50 Elements of Escalation Challenging Authority or QuestioningAnswer the questionRepeat your request in a neutral tone of voiceRemember that an ounce of prevention is worth a pound of cureAnswer the question.If you are following the rules and regulations of your organization, explain this, and then offer to find a supervisor for them to talk with regarding their concerns. Remember to use a neutral tone of voice and not to be defensive.Repeat your direction or request.This can be especially useful if you are attempting to give a direction that the person needs to follow for safety reasons. Repeat the same direction, in the same neutral tone of voice, over and over. For example: “Please lower your voice, please lower your voice, please lower your voice.” NOTE: Give the direction in a positive way, tell them what you WANT them to do, not what you DON'T want them to do. "Please lower your voice" is much more effective than "stop shouting". This should always be conveyed with kindness, but in a firm manner. Anxious people tend to be fairly verbal. They may demand to see someone, to talk to a supervisor, or to go to the head of the line. Their voices rise and they might speak more rapidly than usual. The best time to intervene is when someone is showing signs of anxiety, before it progresses to agitation. You've heard the phrase, "an ounce of prevention is worth a pound of cure"? In the case of someone who is anxious, and becoming angry, preventing the escalation is the "ounce of prevention". It does take a "pound of cure" when the person has escalated and needs you to help them regain control.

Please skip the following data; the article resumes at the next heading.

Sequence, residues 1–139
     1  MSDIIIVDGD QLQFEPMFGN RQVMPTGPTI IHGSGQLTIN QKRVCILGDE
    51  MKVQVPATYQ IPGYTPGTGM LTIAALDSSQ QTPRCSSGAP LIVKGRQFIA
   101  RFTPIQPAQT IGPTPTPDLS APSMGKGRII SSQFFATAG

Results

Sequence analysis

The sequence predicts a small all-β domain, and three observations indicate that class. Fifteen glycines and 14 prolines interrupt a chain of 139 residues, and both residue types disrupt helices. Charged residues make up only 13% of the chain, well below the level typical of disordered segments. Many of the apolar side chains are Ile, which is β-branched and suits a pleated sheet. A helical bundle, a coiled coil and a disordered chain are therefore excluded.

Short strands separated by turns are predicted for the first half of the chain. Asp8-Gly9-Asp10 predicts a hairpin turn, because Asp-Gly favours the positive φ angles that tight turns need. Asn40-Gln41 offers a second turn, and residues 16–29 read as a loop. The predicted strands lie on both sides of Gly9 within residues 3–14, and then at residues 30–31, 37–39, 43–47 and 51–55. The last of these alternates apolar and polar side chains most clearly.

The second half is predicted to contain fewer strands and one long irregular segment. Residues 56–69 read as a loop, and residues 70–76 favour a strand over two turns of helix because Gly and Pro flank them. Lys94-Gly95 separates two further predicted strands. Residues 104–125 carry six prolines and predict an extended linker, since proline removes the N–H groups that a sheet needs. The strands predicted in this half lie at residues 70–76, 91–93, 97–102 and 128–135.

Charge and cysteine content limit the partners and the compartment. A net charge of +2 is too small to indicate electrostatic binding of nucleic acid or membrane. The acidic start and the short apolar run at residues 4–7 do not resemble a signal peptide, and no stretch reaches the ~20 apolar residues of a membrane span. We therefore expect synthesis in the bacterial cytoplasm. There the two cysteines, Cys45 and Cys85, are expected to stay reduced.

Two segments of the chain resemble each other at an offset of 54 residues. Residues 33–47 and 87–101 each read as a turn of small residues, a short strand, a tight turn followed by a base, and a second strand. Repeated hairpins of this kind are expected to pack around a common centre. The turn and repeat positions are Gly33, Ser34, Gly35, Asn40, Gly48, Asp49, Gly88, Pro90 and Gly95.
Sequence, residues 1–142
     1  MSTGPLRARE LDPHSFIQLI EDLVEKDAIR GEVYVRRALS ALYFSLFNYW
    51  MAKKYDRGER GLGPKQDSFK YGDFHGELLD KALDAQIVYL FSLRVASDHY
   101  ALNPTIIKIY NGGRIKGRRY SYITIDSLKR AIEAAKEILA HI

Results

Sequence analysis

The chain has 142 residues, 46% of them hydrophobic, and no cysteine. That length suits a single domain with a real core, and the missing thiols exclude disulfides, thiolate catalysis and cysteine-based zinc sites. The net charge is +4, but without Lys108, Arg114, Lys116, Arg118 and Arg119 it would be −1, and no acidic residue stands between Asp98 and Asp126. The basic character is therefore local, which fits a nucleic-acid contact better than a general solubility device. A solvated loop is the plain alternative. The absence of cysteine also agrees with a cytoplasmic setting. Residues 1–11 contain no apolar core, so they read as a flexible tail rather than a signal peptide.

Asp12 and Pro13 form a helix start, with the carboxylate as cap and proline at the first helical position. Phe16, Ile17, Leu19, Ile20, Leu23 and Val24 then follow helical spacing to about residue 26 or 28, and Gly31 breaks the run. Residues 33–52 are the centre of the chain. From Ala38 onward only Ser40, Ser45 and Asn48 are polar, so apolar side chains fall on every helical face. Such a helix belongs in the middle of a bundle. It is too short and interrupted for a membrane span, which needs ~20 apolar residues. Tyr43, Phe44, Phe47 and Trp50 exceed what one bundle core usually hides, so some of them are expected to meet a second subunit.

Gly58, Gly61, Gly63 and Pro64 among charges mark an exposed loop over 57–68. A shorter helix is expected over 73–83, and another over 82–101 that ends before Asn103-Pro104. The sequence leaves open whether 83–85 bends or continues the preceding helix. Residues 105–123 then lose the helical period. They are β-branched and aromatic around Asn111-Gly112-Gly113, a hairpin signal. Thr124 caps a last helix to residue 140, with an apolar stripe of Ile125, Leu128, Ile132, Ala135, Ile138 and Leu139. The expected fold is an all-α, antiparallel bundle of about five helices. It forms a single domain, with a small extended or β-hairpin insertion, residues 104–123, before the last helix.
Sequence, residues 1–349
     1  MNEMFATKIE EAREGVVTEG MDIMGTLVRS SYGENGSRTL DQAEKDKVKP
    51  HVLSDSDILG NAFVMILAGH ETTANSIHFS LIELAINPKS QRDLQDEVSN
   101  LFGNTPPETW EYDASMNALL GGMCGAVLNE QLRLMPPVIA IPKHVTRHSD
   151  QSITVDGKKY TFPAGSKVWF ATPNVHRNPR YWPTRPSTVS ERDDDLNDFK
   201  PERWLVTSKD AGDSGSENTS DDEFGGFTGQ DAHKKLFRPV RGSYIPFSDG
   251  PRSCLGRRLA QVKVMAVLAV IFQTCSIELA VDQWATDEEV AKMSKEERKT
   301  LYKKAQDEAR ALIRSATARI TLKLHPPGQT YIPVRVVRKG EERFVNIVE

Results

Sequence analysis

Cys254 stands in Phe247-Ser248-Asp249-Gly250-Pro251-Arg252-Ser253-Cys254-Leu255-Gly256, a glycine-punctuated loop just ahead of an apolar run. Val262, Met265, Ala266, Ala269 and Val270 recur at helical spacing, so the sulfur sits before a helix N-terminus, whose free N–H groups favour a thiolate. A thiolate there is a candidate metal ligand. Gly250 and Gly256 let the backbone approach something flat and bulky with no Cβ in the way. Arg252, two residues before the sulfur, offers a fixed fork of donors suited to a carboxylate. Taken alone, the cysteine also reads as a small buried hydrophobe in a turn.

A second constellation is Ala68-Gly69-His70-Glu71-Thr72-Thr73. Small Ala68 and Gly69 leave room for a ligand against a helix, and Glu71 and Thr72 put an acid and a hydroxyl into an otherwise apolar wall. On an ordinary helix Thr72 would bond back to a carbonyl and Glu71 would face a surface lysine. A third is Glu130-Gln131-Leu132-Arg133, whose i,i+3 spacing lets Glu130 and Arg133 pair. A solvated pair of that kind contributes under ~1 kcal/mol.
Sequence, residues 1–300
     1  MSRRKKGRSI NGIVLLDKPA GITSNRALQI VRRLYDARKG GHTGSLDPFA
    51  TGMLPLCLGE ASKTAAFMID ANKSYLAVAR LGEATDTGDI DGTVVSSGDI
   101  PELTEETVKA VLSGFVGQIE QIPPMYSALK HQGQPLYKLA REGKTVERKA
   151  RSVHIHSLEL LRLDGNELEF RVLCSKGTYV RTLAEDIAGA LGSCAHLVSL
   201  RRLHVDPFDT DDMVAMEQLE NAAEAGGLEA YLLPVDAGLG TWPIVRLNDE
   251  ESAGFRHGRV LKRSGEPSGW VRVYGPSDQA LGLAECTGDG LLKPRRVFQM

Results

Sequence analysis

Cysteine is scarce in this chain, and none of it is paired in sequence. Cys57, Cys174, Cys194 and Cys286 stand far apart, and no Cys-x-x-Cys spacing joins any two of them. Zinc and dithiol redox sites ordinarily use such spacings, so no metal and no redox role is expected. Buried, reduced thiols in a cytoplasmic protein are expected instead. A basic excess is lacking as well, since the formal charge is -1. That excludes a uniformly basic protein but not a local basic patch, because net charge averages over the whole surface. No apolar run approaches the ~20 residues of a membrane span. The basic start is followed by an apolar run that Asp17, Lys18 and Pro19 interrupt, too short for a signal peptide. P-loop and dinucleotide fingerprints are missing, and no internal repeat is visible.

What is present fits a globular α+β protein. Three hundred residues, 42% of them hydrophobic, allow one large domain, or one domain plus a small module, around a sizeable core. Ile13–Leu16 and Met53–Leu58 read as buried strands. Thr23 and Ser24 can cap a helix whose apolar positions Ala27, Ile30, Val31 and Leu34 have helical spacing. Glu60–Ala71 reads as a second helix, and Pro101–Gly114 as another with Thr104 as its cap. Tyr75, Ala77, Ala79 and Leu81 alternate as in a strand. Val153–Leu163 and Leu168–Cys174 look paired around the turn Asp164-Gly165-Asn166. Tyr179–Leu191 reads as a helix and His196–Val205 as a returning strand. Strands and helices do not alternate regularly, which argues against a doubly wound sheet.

51 Elements of Escalation Not Following DirectionsDo not take control, help the individual gain control of him/herselfRemain professionalConsider restructuring your requestGive the person time to think about your requestAs people become agitated, they may initially refuse to follow directions. In a disaster situation, this is potentially life-threatening so it is important to gain control of the situation quickly. However, shouting and demanding that they follow directions will not achieve the goal of gaining immediate compliance. Instead, it will probably throw fuel on the fire and cause the situation to escalate. Instead of thinking in terms of gaining control over the individual, tell yourself that you will help them gain control of themselves. This will lead you to react in a more helpful manner. As the person escalates, you must retain your professionalism. If you become defensive or irrational, you will have very little chance of defusing the situation. Irrationality breeds irrationality. If the person senses you are losing control, they will lose control also. It is often easier to react in a professional manner if you are not alone. Using the buddy system can be a very easy way to help you retain your professionalism when dealing with a difficult situation.Consider restructuring your request.You may have made a request or given a direction that the person did not understand or finds difficult to comply with. You could make your request in a way that gives the person some control – for example, instead of saying “please sit down” you could offer a choice, “would you like to sit down in chair A or chair B?” The person is not offered the choice of not sitting down, only a choice of seats.Give the person time to consider your request or direction.Sometimes the person needs time to process your request or direction. This is especially true if they are highly energized and your request was complicated. Consider simplifying the request and allowing the person a few moments to think before responding.